Our first case study took place in Ulaanbaatar, Mongolia. We worked closely with local partners to conduct the research. In March 2020, as we were due to begin the case study, Mongolia closed its border as the Coronavirus pandemic escalated. This meant we were unable to travel to Ulaanbaatar to conduct our research and we had to adapt to new ways of working remotely.

We are collaborating with an incredible local team based in Ulaanbaatar: AIFO, an Italian NGO that has been working in Mongolia since 1993 and two Disabled Persons’ Organisations: ‘Universal Progress’ Independent Living Center and Tegsh Niigem.

Insights from Tamirkhuu

Tamirkhuu Narangerel is a researcher on our Mongolia case study, he is an ecological chemist and working at Universal Progress ILC as a researcher and program manager. Here our colleague Tamirkhuu shares his perspective on working together, collaborating remotely and why this research is relevant to the country.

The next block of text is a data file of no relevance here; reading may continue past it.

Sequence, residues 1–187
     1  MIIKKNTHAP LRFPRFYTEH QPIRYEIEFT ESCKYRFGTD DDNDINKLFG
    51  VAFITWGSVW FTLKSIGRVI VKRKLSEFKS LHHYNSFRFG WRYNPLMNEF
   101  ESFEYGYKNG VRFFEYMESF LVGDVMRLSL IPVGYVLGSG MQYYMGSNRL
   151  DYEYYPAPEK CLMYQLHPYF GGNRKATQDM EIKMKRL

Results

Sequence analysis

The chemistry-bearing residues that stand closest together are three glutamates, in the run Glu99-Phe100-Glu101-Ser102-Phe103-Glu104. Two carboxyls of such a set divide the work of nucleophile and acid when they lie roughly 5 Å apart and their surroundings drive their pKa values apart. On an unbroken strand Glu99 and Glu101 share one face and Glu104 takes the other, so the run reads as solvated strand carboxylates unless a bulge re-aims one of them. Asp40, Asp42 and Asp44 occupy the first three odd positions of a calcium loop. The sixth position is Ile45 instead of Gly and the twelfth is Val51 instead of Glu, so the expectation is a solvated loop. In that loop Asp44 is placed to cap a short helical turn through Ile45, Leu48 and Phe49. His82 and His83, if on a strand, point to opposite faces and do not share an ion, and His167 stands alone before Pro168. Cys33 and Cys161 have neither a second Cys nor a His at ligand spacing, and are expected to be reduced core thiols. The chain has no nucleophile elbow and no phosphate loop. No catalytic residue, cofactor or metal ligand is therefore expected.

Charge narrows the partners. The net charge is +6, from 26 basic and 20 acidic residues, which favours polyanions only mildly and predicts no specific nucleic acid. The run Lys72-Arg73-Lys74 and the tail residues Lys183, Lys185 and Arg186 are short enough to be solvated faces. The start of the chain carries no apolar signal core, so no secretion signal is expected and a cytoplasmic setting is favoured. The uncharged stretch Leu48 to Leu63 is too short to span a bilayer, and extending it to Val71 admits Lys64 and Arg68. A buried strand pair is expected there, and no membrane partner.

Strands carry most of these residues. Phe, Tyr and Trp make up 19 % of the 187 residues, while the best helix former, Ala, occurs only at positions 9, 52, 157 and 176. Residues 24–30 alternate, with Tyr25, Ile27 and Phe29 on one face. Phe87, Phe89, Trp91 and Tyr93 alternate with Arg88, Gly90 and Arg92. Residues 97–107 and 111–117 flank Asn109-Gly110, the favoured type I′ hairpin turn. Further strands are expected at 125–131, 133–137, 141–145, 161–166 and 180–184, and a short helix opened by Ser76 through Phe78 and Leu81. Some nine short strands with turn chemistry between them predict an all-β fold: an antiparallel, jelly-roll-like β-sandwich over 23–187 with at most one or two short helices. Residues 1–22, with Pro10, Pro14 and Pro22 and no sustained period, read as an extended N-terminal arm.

1. What is the research about?

Every urban area must have a safe, barrier-free, friendly environment, services, and activities for all of its people. The purpose of this study was to find out about the current situation for city inclusiveness of physical environment, city planning, policy decisions, the interests of the government, the needs of disabled people and what the problems are in Ulaanbaatar, Mongolia.

2. Why does this research matter?